While the invention is defined by the claims appended hereto, additional understanding of the invention can be gained by reference to the attached drawings and the description of preferred embodiments presented below.
One embodiment of the present invention provides a device for implantation in a body vessel. The device includes a hub member and a plurality of flexible struts, each strut having a first end attached to the hub member and a second end. The struts are spring-biased to diverge from the hub member. A frame member extends from one of the struts to a second strut and contacts at least a third of the struts. A leaflet is attached to the frame member and is deformable between a first position allowing fluid flow in a first, antegrade direction and a second position restricting fluid flow in a second, retrograde direction. In one embodiment, the device includes three struts. In one embodiment the hub includes a closed frame defining an aperture.
In another embodiment, at least one of the struts has an anchoring mechanism adapted to engage the wall of the body vessel. The anchoring mechanism can be a barb or a hook.
In one embodiment, the leaflet includes a synthetic biocompatible polymer, cellulose acetate, cellulose nitrate, silicone, polyethylene, teraphthalate, polyurethane, polyamide, polyester, polyorthoester, poly anhydride, polyether sulfone, polycarbonate, polypropylene, high molecular weight polyethylene, a fluoroplastic material, polytetrafluoroethylene, polylactic acid, polyglycolic acid, a polyanhydride, polycaprolactone, polyhydroxy-butyrate valerate, polyhydroxyalkanoate, a polyurethane, naturally derived or synthetic collagenous material, an extracellular matrix material, submucosa, small intestinal submucosa, stomach submucosa, urinary bladder submucosa, uterine submucosa, renal capsule membrane, dura mater, pericardium, serosa, peritoneum or basement membrane materials, liver basement membrane, a mammalian tissue valve, chemically fixed material of a human or non-human primate origin or mixtures or copolymers thereof.
In another embodiment, the leaflet includes an extracellular matrix material or chemically fixed material of a human or non-human primate origin. In yet another embodiment, the extracellular matrix material is small intestinal submucosa.
In another embodiment, the device also includes at least one expanding member connecting to two of the struts between the hub member and the frame member and extending between these struts.
In one embodiment, the hub member is biodegradable and the expanding member is adapted to position the struts against the vessel wall when the hub member degrades. In another embodiment, the hub member includes a biodegradable polymer.
In yet another embodiment, the struts include stainless steel, nickel, silver, platinum, palladium, gold, titanium, tantalum, iridium, tungsten or a self-expanding nickel titanium alloy.
Another embodiment provides a device including a hub member a plurality of flexible struts, each strut having a first end attached to the hub member. A graft sheet is attached to and extends between portions of two of the struts. A leaflet is attached to the graft sheet and is deformable between a first position allowing fluid flow in a first, antegrade direction and a second position restricting fluid flow in a second, retrograde direction.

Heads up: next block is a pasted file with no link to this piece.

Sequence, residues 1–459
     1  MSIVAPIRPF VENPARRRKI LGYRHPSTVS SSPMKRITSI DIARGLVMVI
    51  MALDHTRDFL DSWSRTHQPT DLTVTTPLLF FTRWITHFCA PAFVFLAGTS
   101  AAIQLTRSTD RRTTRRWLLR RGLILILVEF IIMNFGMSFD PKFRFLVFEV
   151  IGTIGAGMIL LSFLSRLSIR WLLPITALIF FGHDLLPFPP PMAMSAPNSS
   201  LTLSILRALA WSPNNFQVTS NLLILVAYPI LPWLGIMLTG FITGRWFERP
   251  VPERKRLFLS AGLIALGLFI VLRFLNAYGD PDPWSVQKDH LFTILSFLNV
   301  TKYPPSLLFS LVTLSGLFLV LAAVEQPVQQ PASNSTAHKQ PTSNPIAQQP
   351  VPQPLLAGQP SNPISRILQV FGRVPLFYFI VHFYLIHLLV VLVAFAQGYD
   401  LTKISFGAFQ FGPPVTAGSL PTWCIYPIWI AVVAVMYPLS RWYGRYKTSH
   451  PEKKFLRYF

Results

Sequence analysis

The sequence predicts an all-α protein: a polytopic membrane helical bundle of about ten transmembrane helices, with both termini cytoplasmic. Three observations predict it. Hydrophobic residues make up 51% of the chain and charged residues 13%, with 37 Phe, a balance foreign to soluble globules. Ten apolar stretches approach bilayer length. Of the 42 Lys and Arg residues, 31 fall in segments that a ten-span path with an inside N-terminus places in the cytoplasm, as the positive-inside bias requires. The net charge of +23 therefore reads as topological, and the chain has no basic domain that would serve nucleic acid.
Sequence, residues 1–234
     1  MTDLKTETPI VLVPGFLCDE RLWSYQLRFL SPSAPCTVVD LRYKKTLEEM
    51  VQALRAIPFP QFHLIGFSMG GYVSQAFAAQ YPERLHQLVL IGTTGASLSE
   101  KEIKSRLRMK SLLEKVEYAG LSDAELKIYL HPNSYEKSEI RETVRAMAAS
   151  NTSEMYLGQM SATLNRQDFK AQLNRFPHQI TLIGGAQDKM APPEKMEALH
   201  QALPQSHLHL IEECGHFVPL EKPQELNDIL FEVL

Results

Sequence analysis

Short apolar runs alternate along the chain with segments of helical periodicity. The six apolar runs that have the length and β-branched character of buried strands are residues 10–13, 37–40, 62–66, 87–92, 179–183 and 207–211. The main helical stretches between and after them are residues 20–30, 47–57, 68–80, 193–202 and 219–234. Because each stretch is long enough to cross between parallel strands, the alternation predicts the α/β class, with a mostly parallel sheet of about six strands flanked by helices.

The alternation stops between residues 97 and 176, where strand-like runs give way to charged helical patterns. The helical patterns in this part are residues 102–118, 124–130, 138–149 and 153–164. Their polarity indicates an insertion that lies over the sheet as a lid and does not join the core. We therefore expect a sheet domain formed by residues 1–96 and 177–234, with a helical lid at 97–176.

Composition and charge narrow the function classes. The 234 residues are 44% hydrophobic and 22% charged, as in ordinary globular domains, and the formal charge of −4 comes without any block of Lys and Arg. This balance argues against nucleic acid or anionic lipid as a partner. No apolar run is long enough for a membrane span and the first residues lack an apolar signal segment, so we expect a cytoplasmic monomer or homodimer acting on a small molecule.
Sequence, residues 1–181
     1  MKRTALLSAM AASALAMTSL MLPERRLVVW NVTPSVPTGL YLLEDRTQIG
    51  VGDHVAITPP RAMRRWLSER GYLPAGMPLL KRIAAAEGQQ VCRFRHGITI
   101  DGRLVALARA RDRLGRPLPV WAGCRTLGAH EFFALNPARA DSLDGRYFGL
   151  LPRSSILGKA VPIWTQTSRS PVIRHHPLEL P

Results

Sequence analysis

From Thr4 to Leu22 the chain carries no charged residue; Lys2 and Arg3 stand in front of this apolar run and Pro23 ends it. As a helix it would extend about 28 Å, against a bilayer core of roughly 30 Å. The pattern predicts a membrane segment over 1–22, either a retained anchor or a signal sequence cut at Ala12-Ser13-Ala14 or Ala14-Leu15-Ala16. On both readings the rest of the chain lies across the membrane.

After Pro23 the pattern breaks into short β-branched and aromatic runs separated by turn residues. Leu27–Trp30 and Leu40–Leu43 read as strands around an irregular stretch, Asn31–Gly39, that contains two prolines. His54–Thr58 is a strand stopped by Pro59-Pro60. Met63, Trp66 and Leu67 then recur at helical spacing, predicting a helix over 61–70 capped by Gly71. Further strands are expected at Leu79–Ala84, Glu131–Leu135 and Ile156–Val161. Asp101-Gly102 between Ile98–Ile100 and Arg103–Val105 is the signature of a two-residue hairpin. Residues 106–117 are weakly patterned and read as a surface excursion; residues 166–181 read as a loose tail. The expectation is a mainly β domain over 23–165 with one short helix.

In one embodiment, the graft sheet includes a biocompatible polymer, cellulose acetate, cellulose nitrate, silicone, polyethylene, teraphthalate, polyurethane, polyamide, polyester, polyorthoester, poly anhydride, polyether sulfone, polycarbonate, polypropylene, high molecular weight polyethylene, a fluoroplastic material, polytetrafluoroethylene, polylactic acid, polyglycolic acid, a polyanhydride, polycaprolactone, polyhydroxy-butyrate valerate, polyhydroxyalkanoate, a polyurethane, naturally derived or synthetic collagenous material, an extracellular matrix material, submucosa, small intestinal submucosa, stomach submucosa, urinary bladder submucosa, uterine submucosa, renal capsule membrane, dura mater, pericardium, serosa, peritoneum or basement membrane materials, liver basement membrane, mammalian tissue, chemically fixed material of a human or non-human primate origin or mixtures or copolymers thereof.
Another aspect of the invention provides a method for regulating fluid flow within a body vessel. The method includes delivering a device as described above to a position within the body vessel within a lumen of a catheter and deploying the device from the lumen so that a proximal end of the device is positioned downstream of flow in an antegrade direction.
Yet another aspect of the invention provides a kit including a delivery catheter and a device as described above
Embodiments of the present invention will now be described by way of example with reference to the accompanying drawings, in which:
Unless otherwise defined, all technical and scientific terms used herein have the same meaning as commonly understood by one of ordinary skill in the art to which this invention pertains. In case of conflict, the present document, including definitions, will control. Preferred methods and materials are described below, although methods and materials similar or equivalent to those described herein can be used in the practice or testing of the invention. The materials, methods, and examples disclosed herein are illustrative only and not intended to be limiting.